Since the mid-term elections of 2014 Obama has found himself increasingly hemmed in by an obdurate Congress and an unwholesome collection of rancorous Governors. In order to make progress on any of the domestic issues close to President’s heart, he has been reduced to two options: either employing Executive Orders or using his national platform to directly address an issue and appeal to Americans through their TV screens. With Obama approaching the end of his tenure as President he has become increasingly bold with his executive orders, deploying them on matters as diverse (and controversial) as immigration, cyber-security, climate-change and equal pay. However, it is only through the latter tactic that Obama has been gaining some traction and has been able to increasingly speak for those in American politics who do not have a voice. To listen to Obama orate now, it’s as if the last seven years never happened and that the charismatic and inspirational Obama, who showed such great promise, never left us. By speaking from the pulpit on a range of issues Obama seems to have re-discovered some of the old magic and re-connected with voters. Polls consistently show Obama with a solid job-approval rating of 47%, a figure which while not spectacular is leagues ahead of the dismal approval ratings of Congress and is a considerable improvement from the 40% approval polled in September, before Obama’s reinvigoration via Executive Actions and his new ‘speaker-in-chief’ role.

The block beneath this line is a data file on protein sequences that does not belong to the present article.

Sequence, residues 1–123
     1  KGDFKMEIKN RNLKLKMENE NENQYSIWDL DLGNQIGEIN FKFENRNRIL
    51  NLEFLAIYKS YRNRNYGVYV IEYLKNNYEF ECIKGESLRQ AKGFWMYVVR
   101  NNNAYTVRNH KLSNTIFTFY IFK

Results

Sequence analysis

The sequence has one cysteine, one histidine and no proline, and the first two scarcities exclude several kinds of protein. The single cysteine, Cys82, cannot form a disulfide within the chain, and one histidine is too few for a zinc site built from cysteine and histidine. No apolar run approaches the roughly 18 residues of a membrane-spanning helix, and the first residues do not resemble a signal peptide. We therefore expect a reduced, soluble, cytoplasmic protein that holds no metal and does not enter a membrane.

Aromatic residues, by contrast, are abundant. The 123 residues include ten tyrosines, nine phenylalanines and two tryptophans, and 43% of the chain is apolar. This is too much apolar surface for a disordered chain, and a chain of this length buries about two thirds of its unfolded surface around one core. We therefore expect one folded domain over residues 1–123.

Obama’s response following the tragic shooting at Sandy Hook Elementary School, in which 20 children and six teachers were murdered, was emblematic of much of his Presidency; Obama spoke movingly about the incalculable loss of life, the devastation the gunman had wreaked and the urgent need to tackle gun-control before such incidents took any more lives. Sandy Hook appeared at first to be a real turning point in the debate around gun-control, partly due to Obama’s eloquent response, as many American’s seemed to warm-up to the notion of further firearm restrictions. For the first-time national polling companies had over 50% of American supporting restricting gun-access and tightening controls. When it came to converting this national mood into tangible legislative progress though, Obama found himself once again facing the dogged Republican obstructionism that has come to define not just his Presidency but the wider political landscape. Obama announced plans to reduce gun-magazine sizes, to ban automatic weapons (apparently you don’t need an Uzi to protect your family or to hunt- fair enough) and to introduce universal background checks for anyone buying a gun- as you know, they might be dangerously unstable and perhaps shouldn’t have access to a weapon that can kill dozens of people with little effort. The truth is though, Obama made a promise he couldn’t keep and America is no closer to solving its gun problem than it was before the Sandy Hook tragedy.